detail - South Africa Office
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On August 17 the SAIIA Head Office on Wits University campus in cooperation with the Konrad-Adenauer-Stiftung (KAS) hosted the Gauteng edition of the annual SAIIA-KAS Careers Evening. Students of different subjects within the Humanities, including International Relations, Development Studies, Political Studies, Sociology, Economics, Law, Media and Journalism were given the opportunity to meet and engage with a diversity of exhibitors comprising representatives from the media, business sector, various government agencies, and scholarship organisations present at the event. With more than 300 students attending the Careers Evening the 2017 edition highlighted the sustained interest of young academics to pursue their careers and weigh on the various opportunities to excel within the Humanities.
The exhibition phase was followed by a premier panel discussion with speakers Gareth Cliff, Itumeleng Komanyane, Megan Harrington-Johnson and Kenneth Diole. In telling their personal stories of success the panelists gave professional as well as highly personal insights into how they accomplished their walks of life and finding a deeper meaning in what do for a living. More than just informing about possible career paths within a nowadays fiercely contested job market, all panelists highlighted the importance of setting personal goals and creating an awareness of what the students want to achieve not only within but also after their studies.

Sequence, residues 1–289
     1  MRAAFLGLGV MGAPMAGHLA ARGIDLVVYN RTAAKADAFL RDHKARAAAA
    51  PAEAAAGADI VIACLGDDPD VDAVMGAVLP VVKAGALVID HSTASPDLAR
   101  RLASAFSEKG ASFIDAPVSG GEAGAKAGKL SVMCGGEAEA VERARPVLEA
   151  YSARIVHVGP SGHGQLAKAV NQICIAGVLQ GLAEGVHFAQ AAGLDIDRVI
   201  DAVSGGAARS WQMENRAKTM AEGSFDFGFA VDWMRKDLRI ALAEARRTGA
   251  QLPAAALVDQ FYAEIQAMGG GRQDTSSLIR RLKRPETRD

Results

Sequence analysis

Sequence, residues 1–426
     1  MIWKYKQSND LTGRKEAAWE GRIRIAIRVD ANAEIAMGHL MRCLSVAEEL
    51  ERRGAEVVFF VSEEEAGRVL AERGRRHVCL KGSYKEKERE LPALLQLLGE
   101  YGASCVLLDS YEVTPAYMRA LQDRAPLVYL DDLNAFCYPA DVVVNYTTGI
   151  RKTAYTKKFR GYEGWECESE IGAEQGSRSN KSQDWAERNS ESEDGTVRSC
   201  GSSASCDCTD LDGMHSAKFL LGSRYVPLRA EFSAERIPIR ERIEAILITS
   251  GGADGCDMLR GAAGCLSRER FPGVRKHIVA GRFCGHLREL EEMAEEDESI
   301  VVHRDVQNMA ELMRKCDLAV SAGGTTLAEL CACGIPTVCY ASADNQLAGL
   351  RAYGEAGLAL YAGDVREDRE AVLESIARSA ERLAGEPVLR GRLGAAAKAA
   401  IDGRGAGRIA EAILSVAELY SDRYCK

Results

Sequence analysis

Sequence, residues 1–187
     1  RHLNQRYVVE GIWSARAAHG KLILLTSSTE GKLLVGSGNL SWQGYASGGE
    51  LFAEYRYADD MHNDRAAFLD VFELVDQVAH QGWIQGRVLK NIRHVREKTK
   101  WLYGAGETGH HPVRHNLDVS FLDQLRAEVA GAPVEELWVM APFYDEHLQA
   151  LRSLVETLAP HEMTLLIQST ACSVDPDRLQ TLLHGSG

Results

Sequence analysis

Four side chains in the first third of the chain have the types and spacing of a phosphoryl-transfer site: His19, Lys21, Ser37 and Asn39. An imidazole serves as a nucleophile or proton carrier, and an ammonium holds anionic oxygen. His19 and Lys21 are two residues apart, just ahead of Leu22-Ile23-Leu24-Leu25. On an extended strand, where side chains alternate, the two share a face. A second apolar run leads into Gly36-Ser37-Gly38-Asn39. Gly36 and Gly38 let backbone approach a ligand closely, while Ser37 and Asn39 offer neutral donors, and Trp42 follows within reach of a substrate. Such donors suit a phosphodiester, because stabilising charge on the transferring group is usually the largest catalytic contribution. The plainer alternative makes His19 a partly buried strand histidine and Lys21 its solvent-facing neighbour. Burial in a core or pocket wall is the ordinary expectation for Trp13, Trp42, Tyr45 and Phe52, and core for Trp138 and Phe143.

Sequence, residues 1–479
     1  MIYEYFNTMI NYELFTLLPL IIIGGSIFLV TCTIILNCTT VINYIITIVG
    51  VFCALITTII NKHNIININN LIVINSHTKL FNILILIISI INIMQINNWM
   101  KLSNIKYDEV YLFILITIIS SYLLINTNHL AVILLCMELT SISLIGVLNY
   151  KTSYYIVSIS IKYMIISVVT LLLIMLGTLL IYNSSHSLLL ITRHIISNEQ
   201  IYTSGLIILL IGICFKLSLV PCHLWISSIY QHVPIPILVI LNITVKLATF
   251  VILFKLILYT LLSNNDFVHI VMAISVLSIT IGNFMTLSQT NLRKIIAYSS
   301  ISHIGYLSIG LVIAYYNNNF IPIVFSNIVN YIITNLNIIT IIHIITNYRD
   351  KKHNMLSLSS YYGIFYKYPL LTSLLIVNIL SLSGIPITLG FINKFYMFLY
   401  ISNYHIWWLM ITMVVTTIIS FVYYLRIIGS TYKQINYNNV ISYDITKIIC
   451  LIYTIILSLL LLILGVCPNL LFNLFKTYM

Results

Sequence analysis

Kenneth Diole, a Political Science and International Relations Graduate from the University of Pretoria, encouraged the students to “put a premium to their name”. Paramount to achieving that aim is, according to Diole, not only hard work but also to establish and maximize connections within one’s career path. Also, even with a masters degree in their pockets students should still have the ability to start from the bottom, i.e. “scrape the floor”, and never consider themselves too good for any kind of work within a certain careers path. From a lawyer’s perspective working in the private sector, Megan Harrington-Johnson stressed that students seeking to work in corporate should start as early as possible and do as much field work as they can. Itumeleng Komanyane also highlighted the right mindset for a student’s future work – it is not the degree that puts young professionals anywhere but rather their yearning for learning. Being the last speaker, famous South African radio and television presenter Gareth Cliff mentioned the massive opportunity that Africa presents for especially young people and therefore encouraged the students not to leave the continent once they finished their studies but rather to contribute to (South) Africa’s future.
The 2017 SAIIA-KAS Careers Evening not only enabled students to get in touch with the exhibitors and explore the very practical nature of future careers opportunities within the Humanities. But moreover, and owing to the excellent panelists, the students where emboldened to thrive within their academic disciplines and imagine a positive future. Or to put it in Itumeleng Komanyane words: “Whatever your dream is, it’s valid.”